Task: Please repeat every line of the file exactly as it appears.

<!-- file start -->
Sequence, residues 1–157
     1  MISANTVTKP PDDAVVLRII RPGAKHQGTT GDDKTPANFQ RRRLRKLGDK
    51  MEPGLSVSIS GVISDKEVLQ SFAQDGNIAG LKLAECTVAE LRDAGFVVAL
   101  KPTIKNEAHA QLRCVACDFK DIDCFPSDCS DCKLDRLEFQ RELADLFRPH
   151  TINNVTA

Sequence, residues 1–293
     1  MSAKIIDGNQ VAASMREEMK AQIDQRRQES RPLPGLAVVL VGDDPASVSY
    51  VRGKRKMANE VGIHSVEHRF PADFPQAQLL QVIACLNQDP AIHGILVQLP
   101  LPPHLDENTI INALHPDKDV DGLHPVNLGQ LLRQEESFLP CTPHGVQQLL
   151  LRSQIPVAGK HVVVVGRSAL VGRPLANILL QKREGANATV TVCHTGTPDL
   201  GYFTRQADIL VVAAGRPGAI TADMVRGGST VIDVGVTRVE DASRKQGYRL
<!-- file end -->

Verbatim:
Sequence, residues 1–157
     1  MISANTVTKP PDDAVVLRII RPGAKHQGTT GDDKTPANFQ RRRLRKLGDK
    51  MEPGLSVSIS GVISDKEVLQ SFAQDGNIAG LKLAECTVAE LRDAGFVVAL
   101  KPTIKNEAHA QLRCVACDFK DIDCFPSDCS DCKLDRLEFQ RELADLFRPH
   151  TINNVTA

Sequence, residues 1–293
     1  MSAKIIDGNQ VAASMREEMK AQIDQRRQES RPLPGLAVVL VGDDPASVSY
    51  VRGKRKMANE VGIHSVEHRF PADFPQAQLL QVIACLNQDP AIHGILVQLP
   101  LPPHLDENTI INALHPDKDV DGLHPVNLGQ LLRQEESFLP CTPHGVQQLL
   151  LRSQIPVAGK HVVVVGRSAL VGRPLANILL QKREGANATV TVCHTGTPDL
   201  GYFTRQADIL VVAAGRPGAI TADMVRGGST VIDVGVTRVE DASRKQGYRL